Review: ‘Possession’

Possession starts on a hysterical note, stays there and surpasses it as the film progresses. There are excesses on all fronts: in supposedly ordinary married life and then occult happenings, intricate political skulduggery with the infamous Berlin Wall as background - they all abound in this horror-cum-political-cum - psychological tale.

Possession starts on a hysterical note, stays there and surpasses it as the film progresses. There are excesses on all fronts: in supposedly ordinary married life and then occult happenings, intricate political skulduggery with the infamous Berlin Wall as background – they all abound in this horror-cum-political-cum – psychological tale.

Sam Neill, New Zealand actor, returns home after a long absence. He has been on some sort of secret mission. After an ambiguous report to a commission he goes home to find his wife (Isabelle Adjani) acting strangely.

Neill hires a detective who tracks Adjani to an old house and a strange apartment. The detective gains entry and sees some sort of monster [special effects by Carlo Rambaldi] before Adjani slashes his throat with a broken bottle. Another sleuth gets the same treatment, and a bizarre mass of entrails encompass the men after they are killed.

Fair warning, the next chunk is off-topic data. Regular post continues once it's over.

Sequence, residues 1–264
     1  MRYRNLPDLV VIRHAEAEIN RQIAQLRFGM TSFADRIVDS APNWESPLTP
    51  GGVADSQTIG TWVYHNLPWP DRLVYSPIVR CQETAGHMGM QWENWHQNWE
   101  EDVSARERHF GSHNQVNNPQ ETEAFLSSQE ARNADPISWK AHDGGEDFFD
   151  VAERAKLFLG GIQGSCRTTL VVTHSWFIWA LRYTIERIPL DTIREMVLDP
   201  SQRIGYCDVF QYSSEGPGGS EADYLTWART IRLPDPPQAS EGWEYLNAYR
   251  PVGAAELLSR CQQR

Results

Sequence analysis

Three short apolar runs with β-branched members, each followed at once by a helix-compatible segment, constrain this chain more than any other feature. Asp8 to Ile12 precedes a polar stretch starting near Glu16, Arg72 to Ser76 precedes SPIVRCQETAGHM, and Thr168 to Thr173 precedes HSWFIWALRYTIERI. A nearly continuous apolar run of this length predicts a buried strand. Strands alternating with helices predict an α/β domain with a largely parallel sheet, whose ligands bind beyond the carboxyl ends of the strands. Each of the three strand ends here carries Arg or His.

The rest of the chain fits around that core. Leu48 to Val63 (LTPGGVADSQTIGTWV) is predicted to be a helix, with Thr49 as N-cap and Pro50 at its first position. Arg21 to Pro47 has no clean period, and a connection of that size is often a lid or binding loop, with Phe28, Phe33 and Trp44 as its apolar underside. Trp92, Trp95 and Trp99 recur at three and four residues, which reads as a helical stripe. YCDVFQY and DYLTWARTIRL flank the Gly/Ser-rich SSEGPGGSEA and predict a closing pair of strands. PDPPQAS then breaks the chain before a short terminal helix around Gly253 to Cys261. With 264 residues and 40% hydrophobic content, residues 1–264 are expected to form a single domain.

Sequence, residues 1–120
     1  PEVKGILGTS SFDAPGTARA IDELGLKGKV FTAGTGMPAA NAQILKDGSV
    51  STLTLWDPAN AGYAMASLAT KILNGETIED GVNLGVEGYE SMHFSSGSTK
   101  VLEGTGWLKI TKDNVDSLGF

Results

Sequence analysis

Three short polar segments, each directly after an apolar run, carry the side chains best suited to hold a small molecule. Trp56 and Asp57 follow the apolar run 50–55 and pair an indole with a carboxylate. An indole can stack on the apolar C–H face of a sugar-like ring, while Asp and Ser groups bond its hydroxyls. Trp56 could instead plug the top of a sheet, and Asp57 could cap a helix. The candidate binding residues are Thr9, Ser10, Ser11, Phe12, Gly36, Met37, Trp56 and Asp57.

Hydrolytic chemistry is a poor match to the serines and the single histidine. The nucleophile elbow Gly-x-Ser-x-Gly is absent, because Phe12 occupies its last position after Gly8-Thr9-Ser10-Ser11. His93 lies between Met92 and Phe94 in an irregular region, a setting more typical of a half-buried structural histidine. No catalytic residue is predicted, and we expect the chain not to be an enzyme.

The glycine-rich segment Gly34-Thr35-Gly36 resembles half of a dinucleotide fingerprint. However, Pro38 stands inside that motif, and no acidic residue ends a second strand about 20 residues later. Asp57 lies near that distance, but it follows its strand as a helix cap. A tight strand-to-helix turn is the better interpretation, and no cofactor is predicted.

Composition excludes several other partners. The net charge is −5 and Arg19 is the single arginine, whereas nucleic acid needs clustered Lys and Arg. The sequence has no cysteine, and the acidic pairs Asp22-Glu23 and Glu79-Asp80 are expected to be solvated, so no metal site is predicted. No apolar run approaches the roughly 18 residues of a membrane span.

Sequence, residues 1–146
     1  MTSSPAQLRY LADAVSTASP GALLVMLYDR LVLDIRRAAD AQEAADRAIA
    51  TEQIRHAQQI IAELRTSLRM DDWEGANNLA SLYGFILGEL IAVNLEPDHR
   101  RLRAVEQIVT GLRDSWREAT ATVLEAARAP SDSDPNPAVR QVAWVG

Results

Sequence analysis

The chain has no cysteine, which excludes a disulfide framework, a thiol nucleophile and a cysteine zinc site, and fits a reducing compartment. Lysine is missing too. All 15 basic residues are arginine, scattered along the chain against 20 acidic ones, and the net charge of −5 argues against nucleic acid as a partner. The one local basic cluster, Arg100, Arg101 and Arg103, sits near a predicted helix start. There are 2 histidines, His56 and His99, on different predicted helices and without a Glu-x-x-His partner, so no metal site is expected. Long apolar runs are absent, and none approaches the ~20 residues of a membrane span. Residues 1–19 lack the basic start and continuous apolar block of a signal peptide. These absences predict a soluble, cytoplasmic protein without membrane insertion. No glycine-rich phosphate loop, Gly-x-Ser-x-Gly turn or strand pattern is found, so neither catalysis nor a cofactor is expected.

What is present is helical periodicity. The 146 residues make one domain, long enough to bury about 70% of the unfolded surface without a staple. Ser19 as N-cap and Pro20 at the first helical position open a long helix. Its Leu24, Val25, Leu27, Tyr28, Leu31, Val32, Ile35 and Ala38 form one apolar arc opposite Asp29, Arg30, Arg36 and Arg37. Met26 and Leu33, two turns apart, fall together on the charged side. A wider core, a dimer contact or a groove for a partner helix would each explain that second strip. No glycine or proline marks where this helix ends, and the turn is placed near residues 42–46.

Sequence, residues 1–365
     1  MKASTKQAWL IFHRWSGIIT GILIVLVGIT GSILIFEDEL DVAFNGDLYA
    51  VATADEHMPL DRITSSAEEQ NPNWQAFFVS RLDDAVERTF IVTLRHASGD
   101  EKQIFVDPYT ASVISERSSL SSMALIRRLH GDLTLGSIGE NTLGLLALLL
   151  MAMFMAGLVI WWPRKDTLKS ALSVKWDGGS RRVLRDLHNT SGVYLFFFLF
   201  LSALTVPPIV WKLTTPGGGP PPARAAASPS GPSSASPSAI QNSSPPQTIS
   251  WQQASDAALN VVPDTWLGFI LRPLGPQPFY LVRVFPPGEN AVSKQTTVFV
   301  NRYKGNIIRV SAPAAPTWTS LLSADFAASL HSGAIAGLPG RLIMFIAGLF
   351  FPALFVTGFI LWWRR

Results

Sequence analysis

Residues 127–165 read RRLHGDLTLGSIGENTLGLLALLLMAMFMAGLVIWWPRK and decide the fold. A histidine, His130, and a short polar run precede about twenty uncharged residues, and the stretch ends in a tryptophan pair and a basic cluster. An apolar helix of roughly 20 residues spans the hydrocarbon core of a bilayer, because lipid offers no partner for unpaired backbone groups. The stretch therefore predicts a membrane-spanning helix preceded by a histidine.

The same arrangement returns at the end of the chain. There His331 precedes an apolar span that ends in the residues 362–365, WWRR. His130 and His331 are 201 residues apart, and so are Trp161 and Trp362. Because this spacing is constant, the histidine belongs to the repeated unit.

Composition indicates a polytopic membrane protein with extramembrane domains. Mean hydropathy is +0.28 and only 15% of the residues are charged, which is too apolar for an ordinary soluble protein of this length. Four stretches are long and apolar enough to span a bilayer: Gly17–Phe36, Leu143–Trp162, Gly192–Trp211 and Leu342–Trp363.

Adjani is game as she plays the deranged, obsessed woman in high gear throughout. Pic’s mass of symbols and unbridled, brilliant directing meld this disparate tale into a film that could get cult following on its many levels of symbolism and exploitation.

Possession

France - W. Germany

Production

Oliane/Marianne/Soma. Director Andrzej Zulawski; Producer Marie-Laure Reyre; Screenplay Andrzej Zulawski, Frederic Tuten; Camera Bruno Nuytten; Editor Marie-Sophie Dubus; Music Andrzej Korzynski; Art Director Holger Gross

Crew

(Color) Available on VHS. Extract of a review from 1981. Running time: 127 MIN.

With

Isabelle Adjani Sam Neill Heinz Bennent Margit Carstensen Michael Hogben
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